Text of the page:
It’s no secret that the city of Dallas has a number of sights to attract visitors and tourists from across the nation. Sights range from beauteous parks and entertainment districts to fine cuisine and museums.
Some groups in North Texas have taken up the task of advocating on behalf of the sights and attractions the city of Dallas has to offer, one of those being the Dallas Tourism Public Improvement District.
This private non-profit organization was identified recently by The Dallas Express as one of the most influential community organizations of 2023 due to its effort to increase Dallas tourism by stimulating hotel room demand.
Funded by a 2% fee from nightly room revenues of Dallas hotels with a hundred or more rooms, DTPID operated in 2022 with a $10.1 million budget. This year, it runs on $17.4 million, according to the DTPID 2022 annual report.
The organization says Dallas was the first major city in Texas to establish a tourism public improvement district in 2012. This organization is permitted to direct some of the flow of visitor spending in Dallas to enhance the city’s appeal to travelers and “enrich the lives of the people who live and work here.”
“One of our favorite aspects of operating the DTPID is awarding significant dollars to arts and cultural organizations to support the rich heritage we get to experience on a daily basis,” officials say on the company website.
The non-profit supports the Dallas cultural arts community with more than a million dollars annually, including events that draw visitors. Groups can apply for funds of up to $25,000 per year.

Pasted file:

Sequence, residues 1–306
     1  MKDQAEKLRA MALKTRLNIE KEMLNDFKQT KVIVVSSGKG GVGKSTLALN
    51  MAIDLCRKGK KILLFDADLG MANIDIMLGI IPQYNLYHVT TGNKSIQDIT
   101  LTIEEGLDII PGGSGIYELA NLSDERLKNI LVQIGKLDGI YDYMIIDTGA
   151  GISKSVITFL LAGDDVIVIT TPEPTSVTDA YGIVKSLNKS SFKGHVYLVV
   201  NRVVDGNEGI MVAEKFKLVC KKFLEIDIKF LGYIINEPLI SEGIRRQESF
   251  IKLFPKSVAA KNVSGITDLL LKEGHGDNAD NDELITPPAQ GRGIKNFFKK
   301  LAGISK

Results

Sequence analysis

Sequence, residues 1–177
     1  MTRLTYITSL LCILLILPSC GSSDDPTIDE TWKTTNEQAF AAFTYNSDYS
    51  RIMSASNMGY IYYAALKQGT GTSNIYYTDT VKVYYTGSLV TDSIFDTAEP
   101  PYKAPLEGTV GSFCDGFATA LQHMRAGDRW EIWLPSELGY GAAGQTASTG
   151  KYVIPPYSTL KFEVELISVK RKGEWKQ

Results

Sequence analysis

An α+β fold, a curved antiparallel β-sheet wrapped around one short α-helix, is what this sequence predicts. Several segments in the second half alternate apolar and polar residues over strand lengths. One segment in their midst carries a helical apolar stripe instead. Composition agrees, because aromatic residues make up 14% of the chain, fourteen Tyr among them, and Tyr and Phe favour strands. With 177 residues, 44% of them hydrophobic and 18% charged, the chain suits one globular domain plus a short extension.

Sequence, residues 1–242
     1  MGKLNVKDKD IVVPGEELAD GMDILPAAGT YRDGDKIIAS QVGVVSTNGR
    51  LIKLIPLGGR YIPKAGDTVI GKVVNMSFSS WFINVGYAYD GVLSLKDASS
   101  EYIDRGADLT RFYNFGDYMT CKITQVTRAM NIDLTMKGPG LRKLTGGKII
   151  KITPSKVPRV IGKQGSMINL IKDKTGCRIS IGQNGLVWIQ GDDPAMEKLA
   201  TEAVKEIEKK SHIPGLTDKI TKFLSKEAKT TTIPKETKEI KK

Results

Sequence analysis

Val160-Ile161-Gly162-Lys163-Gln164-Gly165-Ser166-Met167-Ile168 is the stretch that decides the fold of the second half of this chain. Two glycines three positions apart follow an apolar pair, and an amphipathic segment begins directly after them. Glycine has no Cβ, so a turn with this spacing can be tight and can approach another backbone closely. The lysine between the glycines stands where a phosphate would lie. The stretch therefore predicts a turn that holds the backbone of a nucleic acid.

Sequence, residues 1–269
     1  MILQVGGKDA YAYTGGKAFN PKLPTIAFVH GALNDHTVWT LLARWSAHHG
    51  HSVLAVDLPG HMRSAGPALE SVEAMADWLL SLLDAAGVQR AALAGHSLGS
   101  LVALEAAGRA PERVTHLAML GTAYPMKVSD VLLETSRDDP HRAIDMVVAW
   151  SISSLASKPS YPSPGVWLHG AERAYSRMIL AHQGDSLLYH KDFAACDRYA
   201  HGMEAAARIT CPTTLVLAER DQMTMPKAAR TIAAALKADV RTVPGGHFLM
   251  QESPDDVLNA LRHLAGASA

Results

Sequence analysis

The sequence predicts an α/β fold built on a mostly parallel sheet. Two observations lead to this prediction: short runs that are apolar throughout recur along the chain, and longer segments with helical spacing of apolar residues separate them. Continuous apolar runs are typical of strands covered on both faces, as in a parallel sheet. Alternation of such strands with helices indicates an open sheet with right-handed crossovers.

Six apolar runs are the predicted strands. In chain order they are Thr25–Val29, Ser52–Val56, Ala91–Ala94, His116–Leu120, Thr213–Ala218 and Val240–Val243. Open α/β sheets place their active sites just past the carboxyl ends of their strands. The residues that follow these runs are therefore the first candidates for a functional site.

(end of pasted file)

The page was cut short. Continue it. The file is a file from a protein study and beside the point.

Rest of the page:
In its latest annual report, DTPID illustrated its success by pointing out the city experienced an increase of nearly 60% in direct visitor spending, about a 70% increase in annual hotel revenue, an additional 19.2% in tourism jobs plus an additional 22.6% in visitor growth since 2011.
This public-private partnership claims its local return on investment has made “a multi-billion-dollar economic impact” in Dallas since 2012.
This success is vital given the broader population and revenue losses for downtown Dallas. As previously reported by The Dallas Express, Dallas lost nearly 16,000 people from 2020 to 2021, even amid a population boom in the metroplex and across the state.
The business moves forward through September 2029, when its agreement is up for renewal by the Dallas City Council, states DTPID chairman Greg White in his annual report’s executive message.
Current city improvements include an expansion project of the Kay Bailey Hutchison Convention Center and the refurbishment of historic Fair Park. White adds Dallas will be a host city for the FIFA World Cup 2026.